Behind the concept of Access and Benefit Sharing of genetic resources (ABS) lies the idea that it is essential for the welfare of the current generation and future generations to allow everyone access to these resources while ensuring the conservation and sustainable use of biological diversity.
1992-2010: the culmination of a long process
The concept of Access and Benefit Sharing (ABS) was introduced for the first time in the Convention on Biological Diversity (CBD) negotiations in 1992. It is its third goal.
For many years, the various Conferences of Parties (member countries) have addressed the issues of conservation and sustainable use of biodiversity, without developing the ABS concept further.
It was not until 1999 that work began and led to the adoption of the "Bonn Guidelines" in 2002 on access to genetic resources and the fair and equitable sharing of benefits arising from their use. These guidelines provide a clear and voluntary framework that defines roles and responsibilities with respect to access to genetic resources and sharing of benefits arising from their use. Their goal is to facilitate and guide countries in developing and implementing legislative, administrative, general policy or contractual measures.
In 2002 the World Summit on Sustainable Development in Johannesburg was also held. Considering that biodiversity is being lost at an unprecedented rate due to human activities, also aware that this trend can only be reversed if local people benefit from the conservation and sustainable use of biodiversity, especially in countries of origin of the genetic resources and drawing upon the Bonn Guidelines, the Heads of State undertook to establish, within the framework of the Convention on Biological Diversity, an international system specifically to promote and ensure fair and equitable sharing of benefits arising from the utilisation of genetic resources.
This long process eventually led to the adoption of the Nagoya Protocol in Japan on 30 October 2010 during the 10th Conference of Parties at the CBD. This protocol provides a legal framework for access to genetic resources and the fair and equitable sharing of benefits arising from their utilisation to the Convention on Biological Diversity.
Issues surrounding biodiversity generally divide countries from the South, rich in biodiversity, and countries from the North, rich in biotechnology. However, until 1992, access to genetic resources and associated traditional knowledge was considered free almost everywhere in the world. This situation led to theexploitation, use and/or monopolization of resources and knowledge without sharing of any benefits with countries providing the resources or with owners of traditional knowledge.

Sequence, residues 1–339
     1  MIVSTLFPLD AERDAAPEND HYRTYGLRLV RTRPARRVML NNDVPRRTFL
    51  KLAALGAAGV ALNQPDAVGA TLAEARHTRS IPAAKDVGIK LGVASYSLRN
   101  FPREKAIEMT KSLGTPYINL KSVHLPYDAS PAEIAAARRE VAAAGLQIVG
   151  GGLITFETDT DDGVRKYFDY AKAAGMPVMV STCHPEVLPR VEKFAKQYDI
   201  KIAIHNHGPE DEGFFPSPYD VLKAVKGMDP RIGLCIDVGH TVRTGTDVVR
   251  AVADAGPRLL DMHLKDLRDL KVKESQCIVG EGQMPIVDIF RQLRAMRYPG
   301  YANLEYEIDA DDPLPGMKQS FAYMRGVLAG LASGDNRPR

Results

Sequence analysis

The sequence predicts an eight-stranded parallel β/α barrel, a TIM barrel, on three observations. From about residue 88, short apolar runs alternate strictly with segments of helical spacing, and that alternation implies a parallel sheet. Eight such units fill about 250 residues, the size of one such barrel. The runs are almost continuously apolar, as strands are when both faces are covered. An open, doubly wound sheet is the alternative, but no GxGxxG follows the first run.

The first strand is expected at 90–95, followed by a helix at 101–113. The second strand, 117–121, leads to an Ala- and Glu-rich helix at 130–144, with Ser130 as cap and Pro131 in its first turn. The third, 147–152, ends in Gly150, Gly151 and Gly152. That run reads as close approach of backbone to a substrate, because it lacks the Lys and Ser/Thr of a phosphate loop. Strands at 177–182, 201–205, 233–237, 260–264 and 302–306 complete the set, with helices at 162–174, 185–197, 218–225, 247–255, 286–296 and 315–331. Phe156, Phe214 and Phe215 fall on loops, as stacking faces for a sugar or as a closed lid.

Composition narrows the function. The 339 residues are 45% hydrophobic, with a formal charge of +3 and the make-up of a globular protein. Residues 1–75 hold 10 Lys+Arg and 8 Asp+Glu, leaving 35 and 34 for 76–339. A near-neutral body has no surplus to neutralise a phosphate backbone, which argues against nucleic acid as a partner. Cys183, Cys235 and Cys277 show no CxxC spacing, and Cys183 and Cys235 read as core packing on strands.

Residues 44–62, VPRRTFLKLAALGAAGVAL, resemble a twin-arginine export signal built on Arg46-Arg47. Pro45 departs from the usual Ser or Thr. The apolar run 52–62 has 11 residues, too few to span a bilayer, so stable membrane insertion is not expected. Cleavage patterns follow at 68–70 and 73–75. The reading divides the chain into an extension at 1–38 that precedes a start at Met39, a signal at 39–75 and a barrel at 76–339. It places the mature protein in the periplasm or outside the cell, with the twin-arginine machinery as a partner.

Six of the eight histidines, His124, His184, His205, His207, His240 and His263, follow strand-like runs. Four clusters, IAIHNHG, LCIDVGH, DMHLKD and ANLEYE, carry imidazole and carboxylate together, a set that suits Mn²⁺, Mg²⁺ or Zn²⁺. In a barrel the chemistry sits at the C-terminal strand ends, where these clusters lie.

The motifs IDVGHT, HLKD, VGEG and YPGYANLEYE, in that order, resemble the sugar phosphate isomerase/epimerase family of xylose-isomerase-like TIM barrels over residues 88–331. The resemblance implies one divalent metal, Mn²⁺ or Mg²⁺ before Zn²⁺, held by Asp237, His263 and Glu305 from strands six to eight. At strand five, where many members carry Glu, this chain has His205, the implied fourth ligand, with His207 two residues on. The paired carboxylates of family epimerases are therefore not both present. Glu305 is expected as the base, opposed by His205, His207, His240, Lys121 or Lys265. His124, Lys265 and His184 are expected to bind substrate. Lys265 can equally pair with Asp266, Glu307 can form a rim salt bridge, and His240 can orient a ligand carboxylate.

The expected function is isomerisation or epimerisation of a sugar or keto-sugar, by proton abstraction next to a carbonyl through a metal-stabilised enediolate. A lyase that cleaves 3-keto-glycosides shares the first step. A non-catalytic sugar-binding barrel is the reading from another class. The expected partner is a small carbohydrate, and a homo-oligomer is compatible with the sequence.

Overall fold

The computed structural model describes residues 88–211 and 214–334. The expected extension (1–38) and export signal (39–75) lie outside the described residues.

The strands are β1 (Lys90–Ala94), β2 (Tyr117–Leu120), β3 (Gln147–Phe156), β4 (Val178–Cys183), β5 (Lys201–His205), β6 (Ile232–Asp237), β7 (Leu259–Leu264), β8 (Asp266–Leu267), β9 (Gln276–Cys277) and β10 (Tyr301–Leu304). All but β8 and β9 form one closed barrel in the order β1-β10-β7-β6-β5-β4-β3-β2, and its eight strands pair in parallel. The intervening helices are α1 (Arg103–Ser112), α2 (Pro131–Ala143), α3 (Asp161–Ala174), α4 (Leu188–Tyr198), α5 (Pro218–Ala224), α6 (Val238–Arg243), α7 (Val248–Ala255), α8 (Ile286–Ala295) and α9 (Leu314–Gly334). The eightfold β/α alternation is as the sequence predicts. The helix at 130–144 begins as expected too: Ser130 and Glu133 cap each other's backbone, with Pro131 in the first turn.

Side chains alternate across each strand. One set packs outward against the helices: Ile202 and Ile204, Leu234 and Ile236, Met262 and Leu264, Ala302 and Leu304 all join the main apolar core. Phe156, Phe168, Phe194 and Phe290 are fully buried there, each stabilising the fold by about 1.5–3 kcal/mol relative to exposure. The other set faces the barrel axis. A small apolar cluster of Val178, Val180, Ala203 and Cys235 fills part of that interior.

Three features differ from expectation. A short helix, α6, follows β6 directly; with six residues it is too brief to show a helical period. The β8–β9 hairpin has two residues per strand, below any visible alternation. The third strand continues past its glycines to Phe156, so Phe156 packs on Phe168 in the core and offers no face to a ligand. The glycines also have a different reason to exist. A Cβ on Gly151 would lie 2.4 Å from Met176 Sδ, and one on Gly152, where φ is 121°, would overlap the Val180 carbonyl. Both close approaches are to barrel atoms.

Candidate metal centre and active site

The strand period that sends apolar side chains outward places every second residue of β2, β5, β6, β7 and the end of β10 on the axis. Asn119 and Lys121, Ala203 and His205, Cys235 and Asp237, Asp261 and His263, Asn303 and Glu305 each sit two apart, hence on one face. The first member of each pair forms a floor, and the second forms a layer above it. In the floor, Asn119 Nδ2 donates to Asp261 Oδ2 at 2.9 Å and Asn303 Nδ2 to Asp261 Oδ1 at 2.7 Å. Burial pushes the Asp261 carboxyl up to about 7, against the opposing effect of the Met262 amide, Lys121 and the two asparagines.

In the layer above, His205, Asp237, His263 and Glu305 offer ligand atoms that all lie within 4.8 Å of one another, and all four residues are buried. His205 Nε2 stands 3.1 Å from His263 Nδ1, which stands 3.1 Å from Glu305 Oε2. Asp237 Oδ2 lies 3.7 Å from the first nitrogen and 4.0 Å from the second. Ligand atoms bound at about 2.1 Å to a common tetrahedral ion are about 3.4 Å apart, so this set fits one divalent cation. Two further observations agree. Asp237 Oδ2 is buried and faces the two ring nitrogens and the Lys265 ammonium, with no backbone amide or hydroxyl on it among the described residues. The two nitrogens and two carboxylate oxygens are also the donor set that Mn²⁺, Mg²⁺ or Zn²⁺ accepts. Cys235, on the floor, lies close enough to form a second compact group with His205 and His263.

The ABS concept was especially introduced to remedy this situation deemed to be unfair. It is formalised through Article 15 of the CBD, which tries to balance the interests, on the one hand, of the users of genetic resources, who want to continue accessing these resources, and on the other hand, of the suppliers, who wish to receive an equitable share of the benefits that can be derived from their use.
To summarise, according to the ABS concept, the supplier countries undertake to facilitate access to genetic resources, while the users undertake to share, in a fair and equitable manner, the benefits arising from the access and utilisation of these resources. The additional revenue thus obtained, whether in hard currency or in kind (transfer of skills, supply of equipment, etc.) would be redirected to priority to conservation activities of biological diversity.
Costa Rica: a concrete example
Costa Rica covers maybe no more than 0.04% of the earth’s surface, yet it is home to 4%-5% of the biodiversity on land, with half a million plant and animal species.
In 1991, the National Biodiversity Institute (INBio) in Costa Rica, which also has the mandate for the conservation and study of biodiversity, signed an agreement with the pharmaceutical company Merck to organise and manage systematic prospecting for species with major potential for medicinal and agricultural use.
In this agreement, INBio granted Merck the right to evaluate the commercial potential for plants, insects and other organisms living in certain conservation zones within Costa Rica. In return, the company pays financial remuneration and provides non-monetary benefits (equipment, training, etc.) to INBio. The agreement also ensures that Merck returns to INBio part of any benefits arising from any products that might be developed from a sample taken from Costa Rica. However, the agreement implies that INBio has set aside a part of the income for the conservation of biological biodiversity.